Perfectly groomed race pistes. | ©
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The (race) slope maker

Fritz Steger and his sixth sense for snow!

From 13 to 14 February the Alpine Ski World Cup comes to the Skicircus Saalbach Hinterglemm Leogang Fieberbrunn. The Audi FIS Ski World Cup with Men's Downhill & Super-G will be held on the legendary World Cup track. Even if these races were taken over at ultra short notice - thanks to the best preparation, the racers will find top piste conditions on the World Cup piste on the Zwölfer! Fritz Steger, head of the track, explains how much finesse and snow expertise is needed to create a perfect race slope.

The hotelier from Hinterglemm has been the Vice Chairman of the Skiclub Saalbach Hinterglemm for more than ten years now and has been responsible for countless of racing courses held there. He had to follow big footsteps, for his father, Herbert Steger, was amongst others a race and course director during the World Cup of 1991. As part of his job, Fritz Steger has to hand the slope over to the race staff in the best possible and race-ready condition. Demonstrating plenty of technical expertise, he explains how much effort goes into creating the perfect racing slope, “The construction of the slope already begins with the production of the right base snow. As soon as it starts getting cold in late autumn, we launch the development of just the right kind of snow layer. I discuss the approach with the head of the snow production team and the operational manager, because the snow on a racing slope needs to be ‘fatter’, meaning that it must contain a higher water ratio.”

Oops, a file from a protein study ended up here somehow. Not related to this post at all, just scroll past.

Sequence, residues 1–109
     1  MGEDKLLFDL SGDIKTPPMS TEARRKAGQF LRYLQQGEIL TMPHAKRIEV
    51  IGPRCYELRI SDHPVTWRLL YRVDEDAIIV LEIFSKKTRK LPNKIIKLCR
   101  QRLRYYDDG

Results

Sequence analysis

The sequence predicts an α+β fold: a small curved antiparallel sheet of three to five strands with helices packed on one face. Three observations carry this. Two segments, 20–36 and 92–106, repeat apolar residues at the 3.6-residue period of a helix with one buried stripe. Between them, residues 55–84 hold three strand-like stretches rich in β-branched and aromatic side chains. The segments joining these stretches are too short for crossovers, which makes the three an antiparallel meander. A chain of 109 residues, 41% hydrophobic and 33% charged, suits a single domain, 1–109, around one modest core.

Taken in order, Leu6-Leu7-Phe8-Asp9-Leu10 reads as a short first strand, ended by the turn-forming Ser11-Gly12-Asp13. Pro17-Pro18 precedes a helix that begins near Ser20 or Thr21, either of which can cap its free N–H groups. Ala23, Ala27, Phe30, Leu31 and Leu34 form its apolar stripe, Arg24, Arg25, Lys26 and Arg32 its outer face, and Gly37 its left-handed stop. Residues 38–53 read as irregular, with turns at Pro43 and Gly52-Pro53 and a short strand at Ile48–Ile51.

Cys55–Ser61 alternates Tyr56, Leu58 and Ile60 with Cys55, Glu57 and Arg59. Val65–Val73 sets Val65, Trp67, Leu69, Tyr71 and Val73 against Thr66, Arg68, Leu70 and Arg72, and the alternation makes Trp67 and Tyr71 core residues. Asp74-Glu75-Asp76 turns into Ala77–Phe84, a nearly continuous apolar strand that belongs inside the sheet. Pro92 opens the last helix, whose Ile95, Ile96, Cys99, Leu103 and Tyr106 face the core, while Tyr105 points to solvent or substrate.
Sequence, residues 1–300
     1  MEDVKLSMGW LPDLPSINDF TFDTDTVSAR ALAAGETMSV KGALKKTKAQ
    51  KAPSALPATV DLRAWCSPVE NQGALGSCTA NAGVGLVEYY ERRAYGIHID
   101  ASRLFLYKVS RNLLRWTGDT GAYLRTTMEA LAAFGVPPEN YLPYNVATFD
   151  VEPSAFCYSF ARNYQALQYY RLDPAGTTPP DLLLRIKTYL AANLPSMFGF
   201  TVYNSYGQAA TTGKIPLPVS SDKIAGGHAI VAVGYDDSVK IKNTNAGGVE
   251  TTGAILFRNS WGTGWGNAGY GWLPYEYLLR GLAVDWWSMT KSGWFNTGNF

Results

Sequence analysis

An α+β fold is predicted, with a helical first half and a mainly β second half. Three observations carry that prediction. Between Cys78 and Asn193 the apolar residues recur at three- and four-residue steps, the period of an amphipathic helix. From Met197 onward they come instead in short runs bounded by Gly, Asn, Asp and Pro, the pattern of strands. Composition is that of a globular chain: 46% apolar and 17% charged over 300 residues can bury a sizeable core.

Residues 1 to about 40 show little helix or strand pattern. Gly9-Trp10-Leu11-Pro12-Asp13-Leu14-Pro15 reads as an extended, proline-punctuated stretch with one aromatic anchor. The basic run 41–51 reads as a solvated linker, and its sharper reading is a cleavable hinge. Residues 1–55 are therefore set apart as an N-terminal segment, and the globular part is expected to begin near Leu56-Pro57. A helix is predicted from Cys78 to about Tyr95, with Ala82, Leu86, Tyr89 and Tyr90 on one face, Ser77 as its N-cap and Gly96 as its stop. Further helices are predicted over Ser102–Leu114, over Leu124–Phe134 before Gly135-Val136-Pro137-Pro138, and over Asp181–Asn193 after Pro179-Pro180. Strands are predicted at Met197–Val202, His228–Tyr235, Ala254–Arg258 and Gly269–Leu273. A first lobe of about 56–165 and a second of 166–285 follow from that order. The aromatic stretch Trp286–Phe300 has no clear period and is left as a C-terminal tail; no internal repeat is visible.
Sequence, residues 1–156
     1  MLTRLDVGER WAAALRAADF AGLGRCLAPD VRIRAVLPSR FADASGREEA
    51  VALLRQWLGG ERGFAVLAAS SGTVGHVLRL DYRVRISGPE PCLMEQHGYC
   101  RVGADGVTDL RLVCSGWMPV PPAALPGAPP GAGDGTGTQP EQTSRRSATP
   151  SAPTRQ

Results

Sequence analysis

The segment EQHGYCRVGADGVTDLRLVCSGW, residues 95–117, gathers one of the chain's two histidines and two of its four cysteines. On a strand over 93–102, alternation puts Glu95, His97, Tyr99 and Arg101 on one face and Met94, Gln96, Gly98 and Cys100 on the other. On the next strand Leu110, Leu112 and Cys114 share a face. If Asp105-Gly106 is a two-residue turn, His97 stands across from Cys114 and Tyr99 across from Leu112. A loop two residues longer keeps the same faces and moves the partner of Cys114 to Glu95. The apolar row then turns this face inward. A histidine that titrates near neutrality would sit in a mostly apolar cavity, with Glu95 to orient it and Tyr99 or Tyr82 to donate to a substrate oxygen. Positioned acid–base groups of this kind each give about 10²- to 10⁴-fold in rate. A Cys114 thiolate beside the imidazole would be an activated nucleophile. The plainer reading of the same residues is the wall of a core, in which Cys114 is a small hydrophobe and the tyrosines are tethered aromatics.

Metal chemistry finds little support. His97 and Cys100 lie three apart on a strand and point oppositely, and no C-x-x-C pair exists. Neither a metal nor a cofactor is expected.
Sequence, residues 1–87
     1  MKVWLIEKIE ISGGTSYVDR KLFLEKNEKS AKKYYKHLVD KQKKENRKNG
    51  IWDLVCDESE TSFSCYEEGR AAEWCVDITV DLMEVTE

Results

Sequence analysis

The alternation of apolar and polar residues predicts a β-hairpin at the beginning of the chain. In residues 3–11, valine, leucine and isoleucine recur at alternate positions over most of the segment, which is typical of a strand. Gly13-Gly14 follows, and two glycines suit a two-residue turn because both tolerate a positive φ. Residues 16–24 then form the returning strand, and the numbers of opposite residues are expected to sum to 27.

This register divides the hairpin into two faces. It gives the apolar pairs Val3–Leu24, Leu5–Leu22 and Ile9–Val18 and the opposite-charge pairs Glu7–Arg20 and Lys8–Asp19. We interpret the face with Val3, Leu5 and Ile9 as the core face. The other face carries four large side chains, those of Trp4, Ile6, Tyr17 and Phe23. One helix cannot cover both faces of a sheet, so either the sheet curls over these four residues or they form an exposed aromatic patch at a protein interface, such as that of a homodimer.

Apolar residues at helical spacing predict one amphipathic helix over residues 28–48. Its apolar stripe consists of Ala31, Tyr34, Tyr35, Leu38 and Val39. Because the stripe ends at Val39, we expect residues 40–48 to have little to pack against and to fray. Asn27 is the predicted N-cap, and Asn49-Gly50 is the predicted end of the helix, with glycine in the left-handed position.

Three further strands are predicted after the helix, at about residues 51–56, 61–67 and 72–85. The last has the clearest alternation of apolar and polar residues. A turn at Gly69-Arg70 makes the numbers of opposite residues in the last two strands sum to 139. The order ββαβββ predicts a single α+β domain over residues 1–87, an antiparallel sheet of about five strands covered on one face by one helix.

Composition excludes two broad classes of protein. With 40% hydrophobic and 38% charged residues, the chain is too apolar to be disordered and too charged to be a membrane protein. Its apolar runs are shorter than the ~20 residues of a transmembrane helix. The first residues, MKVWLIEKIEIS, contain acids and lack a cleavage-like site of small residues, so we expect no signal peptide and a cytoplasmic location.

Setting up the slope

Once the snow canons have produced enough snow for the racing slope preparation, the slope gets modelled with the help of cutting-edge slope machinery. “Back in the day, I used to have to walk along the race track with a drilling machine in my hand and do sample drills to test the depth of the snow. These days, technical equipment inside the snowcat ensures an even distribution of snow. The entire World Cup slope was surveyed via flyover during the summer. With the help of that profile and a GPS device, we can see exactly how much snow there is in any given spot. This way, crossovers and jumps can be set up perfectly for the runners. I can also see the positions of the individual gate poles directly on my display. The speed course was set up last winter and was trialled by junior runners before it was measured precisely via GPS,” explains Fritz Steger.

Water is crucial when it comes to course construction

After that, it is of course crucial to keep an eye on the slope, as there needs to be an immediate reaction in the case of fresh snow or rain. The course director says, “I am constantly on the slope during winter to make sure the slope’s construction is carried out properly. It’s like a motorway – if there’s too much material on the road, undesired ripples and potholes can soon show up. So, we have to check if there is enough water in the slope just before the race, or if the snow is sloppy. Sloppy snow is cut out like you would do with a foul part of an apple. The weather is, of course, always of the utmost importance for me as a race and course director. If there is a lot of fresh snow just before the race, I often don’t get out of my skiing boots for days, because I have to make sure the slope is ready for racing again.”



Thursday, February 13th 2020 - RACE DAY - DOWNHILL
  • Side Events
  • 12:45 h - Start Downhill at the Zwölferkogel
  • approx. 18:00 h - Downhill price giving ceremony at the festival plaza in Hinterglemm
  • approx. 18:30 h - Bib draw for the Super-G at the festival plaza in Hinterglemm
Friday, February 14th 2020 - RACE DAY - SUPER-G
  • Side Events
  • 11:00 h - Start Super G at the Zwölferkogel
  • Flower ceremony directly after the race at the finish area

Piste-Info: Skiers won't experience any restrictions

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